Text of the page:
We have six students in the data and five variables on each student. However there are a few things we might want to address in this dataset:

  1. The column names are all over the place. You can provide column names that follow a consistent format; we recommend snake_case using the col_names argument.

    read_excel(
      "data/students.xlsx",
      col_names = c("student_id", "full_name", "favourite_food", "meal_plan", "age")
    )
    #> # A tibble: 7 × 5
    #>   student_id full_name        favourite_food     meal_plan           age  
    #>   <chr>      <chr>            <chr>              <chr>               <chr>
    #> 1 Student ID Full Name        favourite.food     mealPlan            AGE  
    #> 2 1          Sunil Huffmann   Strawberry yoghurt Lunch only          4    
    #> 3 2          Barclay Lynn     French fries       Lunch only          5    
    #> 4 3          Jayendra Lyne    N/A                Breakfast and lunch 7    
    #> 5 4          Leon Rossini     Anchovies          Lunch only          <NA> 
    #> 6 5          Chidiegwu Dunkel Pizza              Breakfast and lunch five 
    #> # … with 1 more row

    Unfortunately, this didn’t quite do the trick. You now have the variable names we want, but what was previously the header row now shows up as the first observation in the data. You can explicitly skip that row using the skip argument.

    read_excel(
      "data/students.xlsx",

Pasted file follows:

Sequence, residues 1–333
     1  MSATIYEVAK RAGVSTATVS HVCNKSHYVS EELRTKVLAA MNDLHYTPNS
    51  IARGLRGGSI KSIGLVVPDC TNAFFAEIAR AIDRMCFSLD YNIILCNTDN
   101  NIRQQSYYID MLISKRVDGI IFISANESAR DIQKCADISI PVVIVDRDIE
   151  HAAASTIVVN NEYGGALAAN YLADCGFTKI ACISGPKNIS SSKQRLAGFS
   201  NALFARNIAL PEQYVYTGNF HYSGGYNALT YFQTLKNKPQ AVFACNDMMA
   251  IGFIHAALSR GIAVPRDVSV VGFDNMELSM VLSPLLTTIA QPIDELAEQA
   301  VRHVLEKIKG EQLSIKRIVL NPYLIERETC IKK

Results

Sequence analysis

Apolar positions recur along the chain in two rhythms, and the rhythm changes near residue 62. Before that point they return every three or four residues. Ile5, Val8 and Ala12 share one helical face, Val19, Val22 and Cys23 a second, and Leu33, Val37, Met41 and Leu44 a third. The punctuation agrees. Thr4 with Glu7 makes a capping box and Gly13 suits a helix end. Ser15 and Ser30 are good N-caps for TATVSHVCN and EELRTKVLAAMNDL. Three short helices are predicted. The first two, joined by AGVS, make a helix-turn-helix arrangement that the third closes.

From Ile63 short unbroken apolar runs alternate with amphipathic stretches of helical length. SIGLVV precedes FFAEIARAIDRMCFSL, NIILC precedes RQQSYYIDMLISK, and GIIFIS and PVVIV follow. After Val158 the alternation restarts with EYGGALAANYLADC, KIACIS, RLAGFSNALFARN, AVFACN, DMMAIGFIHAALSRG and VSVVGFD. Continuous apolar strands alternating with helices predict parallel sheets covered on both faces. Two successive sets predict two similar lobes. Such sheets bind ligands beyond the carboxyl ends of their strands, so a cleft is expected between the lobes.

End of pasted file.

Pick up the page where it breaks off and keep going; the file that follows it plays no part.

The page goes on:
col_names = c("student_id", "full_name", "favourite_food", "meal_plan", "age"),
      skip = 1
    )
    #> # A tibble: 6 × 5
    #>   student_id full_name        favourite_food     meal_plan           age  
    #>        <dbl> <chr>            <chr>              <chr>               <chr>
    #> 1          1 Sunil Huffmann   Strawberry yoghurt Lunch only          4    
    #> 2          2 Barclay Lynn     French fries       Lunch only          5    
    #> 3          3 Jayendra Lyne    N/A                Breakfast and lunch 7    
    #> 4          4 Leon Rossini     Anchovies          Lunch only          <NA> 
    #> 5          5 Chidiegwu Dunkel Pizza              Breakfast and lunch five 
    #> 6          6 Güvenç Attila    Ice cream          Lunch only          6
  2. In the favourite_food column, one of the observations is N/A, which stands for “not available” but it’s currently not recognized as an NA (note the contrast between this N/A and the age of the fourth student in the list). You can specify which character strings should be recognized as NAs with the na argument. By default, only "" (empty string, or, in the case of reading from a spreadsheet, an empty cell) is recognized as an NA.

    read_excel(
      "data/students.xlsx",
      col_names = c("student_id", "full_name", "favourite_food", "meal_plan", "age"),
      skip = 1,
      na = c("", "N/A")
    )
    #> # A tibble: 6 × 5
    #>   student_id full_name        favourite_food     meal_plan           age  
    #>        <dbl> <chr>            <chr>              <chr>               <chr>
    #> 1          1 Sunil Huffmann   Strawberry yoghurt Lunch only          4    
    #> 2          2 Barclay Lynn     French fries       Lunch only          5    
    #> 3          3 Jayendra Lyne    <NA>               Breakfast and lunch 7